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On March 9, 2020, FDA issued a new Constituent Update and FDA In Brief on the release of results from FDA’s sampling assignment with AMA Analytical Services, Inc. (AMA) testing talc-containing cosmetic products for the presence of asbestos.

On February 4, 2020, FDA held a public meeting on testing methods for asbestos in talc and cosmetic products containing talc.

On October 18, 2019, the FDA updated the Safety Alert and issued a new Constituent Update warning consumers not to use certain cosmetic products tested positive for asbestos.

The FDA continues to analyze cosmetics for asbestos contamination and will provide updates with additional information that becomes available.   

Talc is an ingredient used in many cosmetics, from baby powder to blush. From time to time, FDA has received questions about its safety and whether talc contains harmful contaminants, such as asbestos. 

FDA's Authority Over Cosmetic Safety

Under the Federal Food, Drug and Cosmetic Act (FD&C Act), cosmetic products and ingredients, with the exception of color additives, do not have to undergo FDA review or approval before they go on the market. Cosmetics must be properly labeled, and they must be safe for use by consumers under labeled or customary conditions of use. The law does not require cosmetic companies to share safety information with FDA. 

FDA monitors for potential safety problems with cosmetic products on the market and takes action when needed to protect public health. Before we can take such action against a cosmetic, we need sound scientific data to show that it is harmful under its intended use. Learn more about FDA's Authority Over Cosmetics.

Talc: What it is and How it is Used in Cosmetics

Talc is a naturally occurring mineral, mined from the earth, composed of magnesium, silicon, oxygen, and hydrogen. Chemically, talc is a hydrous magnesium silicate with a chemical formula of Mg3Si4O10(OH)2.

Talc has many uses in cosmetics and other personal care products. For example, it may be used to absorb moisture, to prevent caking, to make facial makeup opaque, or to improve the feel of a product.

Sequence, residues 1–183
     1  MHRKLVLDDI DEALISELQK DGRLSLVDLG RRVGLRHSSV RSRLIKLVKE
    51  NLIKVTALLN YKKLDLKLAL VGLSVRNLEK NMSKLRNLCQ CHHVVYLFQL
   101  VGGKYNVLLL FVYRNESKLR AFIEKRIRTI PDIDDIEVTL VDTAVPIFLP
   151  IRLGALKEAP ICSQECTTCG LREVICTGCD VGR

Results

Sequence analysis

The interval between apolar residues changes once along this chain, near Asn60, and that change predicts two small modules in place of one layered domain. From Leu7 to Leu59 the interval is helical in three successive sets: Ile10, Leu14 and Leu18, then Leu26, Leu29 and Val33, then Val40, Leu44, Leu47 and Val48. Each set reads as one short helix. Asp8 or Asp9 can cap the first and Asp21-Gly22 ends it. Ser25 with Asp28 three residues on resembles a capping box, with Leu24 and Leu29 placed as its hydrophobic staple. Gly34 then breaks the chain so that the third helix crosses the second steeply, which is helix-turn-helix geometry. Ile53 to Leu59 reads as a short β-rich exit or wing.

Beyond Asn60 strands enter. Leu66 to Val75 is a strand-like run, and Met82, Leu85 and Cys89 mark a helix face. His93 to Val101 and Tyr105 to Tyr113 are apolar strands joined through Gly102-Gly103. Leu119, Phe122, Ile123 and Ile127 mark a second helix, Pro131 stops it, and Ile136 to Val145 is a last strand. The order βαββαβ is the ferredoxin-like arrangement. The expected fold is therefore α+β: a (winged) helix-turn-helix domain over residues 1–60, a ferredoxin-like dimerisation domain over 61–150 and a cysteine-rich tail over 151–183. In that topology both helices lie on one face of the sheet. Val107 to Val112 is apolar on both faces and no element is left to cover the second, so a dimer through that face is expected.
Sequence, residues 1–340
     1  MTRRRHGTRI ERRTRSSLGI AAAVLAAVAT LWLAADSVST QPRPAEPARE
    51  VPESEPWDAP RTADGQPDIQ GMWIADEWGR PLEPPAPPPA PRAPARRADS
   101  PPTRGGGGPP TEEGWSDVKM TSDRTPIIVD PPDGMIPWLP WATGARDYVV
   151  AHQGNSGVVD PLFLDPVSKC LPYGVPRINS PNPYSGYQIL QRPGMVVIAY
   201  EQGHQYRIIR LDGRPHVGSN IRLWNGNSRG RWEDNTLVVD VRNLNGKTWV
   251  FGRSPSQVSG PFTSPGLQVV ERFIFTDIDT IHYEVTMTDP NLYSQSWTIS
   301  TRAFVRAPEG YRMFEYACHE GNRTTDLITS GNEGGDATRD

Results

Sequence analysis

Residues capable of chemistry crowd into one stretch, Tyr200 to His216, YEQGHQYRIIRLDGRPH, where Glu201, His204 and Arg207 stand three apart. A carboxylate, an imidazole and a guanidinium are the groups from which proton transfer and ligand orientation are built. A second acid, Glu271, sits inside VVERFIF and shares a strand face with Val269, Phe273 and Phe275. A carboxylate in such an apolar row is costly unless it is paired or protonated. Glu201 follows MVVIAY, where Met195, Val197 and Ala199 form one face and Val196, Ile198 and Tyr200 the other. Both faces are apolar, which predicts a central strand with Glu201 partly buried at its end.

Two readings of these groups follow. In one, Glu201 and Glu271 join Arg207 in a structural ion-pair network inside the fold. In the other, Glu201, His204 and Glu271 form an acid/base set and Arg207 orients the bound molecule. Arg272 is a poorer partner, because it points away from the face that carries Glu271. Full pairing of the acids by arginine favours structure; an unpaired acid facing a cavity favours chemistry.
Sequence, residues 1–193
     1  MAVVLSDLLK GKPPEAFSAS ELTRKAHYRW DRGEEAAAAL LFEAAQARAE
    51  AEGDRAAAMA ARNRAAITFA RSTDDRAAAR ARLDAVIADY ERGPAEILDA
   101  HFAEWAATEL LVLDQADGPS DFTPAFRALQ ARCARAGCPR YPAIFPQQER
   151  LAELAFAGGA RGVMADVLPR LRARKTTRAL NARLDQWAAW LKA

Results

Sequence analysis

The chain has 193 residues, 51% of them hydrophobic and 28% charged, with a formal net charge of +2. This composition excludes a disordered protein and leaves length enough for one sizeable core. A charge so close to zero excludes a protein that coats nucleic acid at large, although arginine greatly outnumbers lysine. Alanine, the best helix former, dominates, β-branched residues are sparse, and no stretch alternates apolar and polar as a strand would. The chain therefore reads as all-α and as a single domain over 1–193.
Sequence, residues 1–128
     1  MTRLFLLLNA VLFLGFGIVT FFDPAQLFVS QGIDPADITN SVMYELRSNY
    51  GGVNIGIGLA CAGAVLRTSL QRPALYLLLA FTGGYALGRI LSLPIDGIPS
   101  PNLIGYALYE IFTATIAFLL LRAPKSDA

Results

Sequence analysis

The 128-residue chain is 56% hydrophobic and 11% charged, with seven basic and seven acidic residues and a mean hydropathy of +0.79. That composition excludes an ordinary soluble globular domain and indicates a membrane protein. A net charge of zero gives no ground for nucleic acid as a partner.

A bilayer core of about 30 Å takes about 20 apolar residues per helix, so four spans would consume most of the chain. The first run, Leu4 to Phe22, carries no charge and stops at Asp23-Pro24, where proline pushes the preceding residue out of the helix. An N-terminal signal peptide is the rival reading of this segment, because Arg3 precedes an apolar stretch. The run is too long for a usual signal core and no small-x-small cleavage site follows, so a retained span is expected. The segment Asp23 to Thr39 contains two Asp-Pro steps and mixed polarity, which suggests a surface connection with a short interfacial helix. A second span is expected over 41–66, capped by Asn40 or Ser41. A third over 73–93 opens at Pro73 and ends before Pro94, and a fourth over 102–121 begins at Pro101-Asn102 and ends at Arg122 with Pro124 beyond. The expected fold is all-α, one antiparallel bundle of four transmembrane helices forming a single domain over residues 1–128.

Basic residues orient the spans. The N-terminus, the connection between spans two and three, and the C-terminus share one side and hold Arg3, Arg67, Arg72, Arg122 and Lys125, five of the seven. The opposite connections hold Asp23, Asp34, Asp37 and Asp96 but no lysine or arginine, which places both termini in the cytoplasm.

Published scientific literature going back to the 1960s has suggested a possible association between the use of powders containing talc in the genital area and the incidence of ovarian cancer. However, these studies have not conclusively demonstrated such a link, or if such a link existed, what risk factors might be involved. The FDA has ongoing research in this area. In addition, questions about the potential contamination of talc with asbestos have been raised since the 1970s. 

Asbestos: What it is, Why it is a Concern, and How to Prevent its Occurrence in Cosmetics

Asbestos is also a naturally occurring silicate mineral, but with a different crystal structure. Both talc and asbestos are naturally occurring minerals that may be found in close proximity in the earth. Unlike talc, however, asbestos is a known carcinogen when inhaled. There is the potential for contamination of talc with asbestos and therefore, it is important to select talc mining sites carefully and take steps to test the ore sufficiently.

Public Meeting on Standards and Methods for Testing for Asbestos in Cosmetic Products Containing Talc

The FDA opened a public docket and held a public meeting on February 4, 2020, to discuss and obtain scientific data and information on topics related to cosmetic products with talc as an ingredient, specifically, testing methodologies, terminology, and criteria that could be applied to characterize and measure asbestos and other potentially harmful elongate mineral particles (EMPs) that may be present as contaminants in such products. The meeting included presentations by members of an interagency working group (the Interagency Working Group on Asbestos in Consumer Products or IWGACP).

The FDA made available, as part of the meeting materials, an Executive Summary titled “Preliminary Recommendations on Testing Methods for Asbestos in Talc and Consumer Products Containing Talc” by the IWGACP. Neither the Executive Summary nor any of the presentations at the public meeting by members of the IWGACP, represent proposed or preliminary recommendations or policies of the FDA or any other federal agency. The Executive Summary and related presentations at the public meeting were meant solely to solicit scientific feedback on the issues raised and should not be used for any other purpose.

The FDA and members of the IWGACP continue to evaluate the science and public feedback to the docket. The FDA does not have any recommendations at this time. Should the FDA decide to develop recommendations with respect to standards or testing methods for asbestos in talc, as a result of the information it received as part of the public meeting and comments to the public docket or otherwise, it would issue draft guidance for public comment.  Likewise, the FDA would propose any related regulations through a public notice and comment process.

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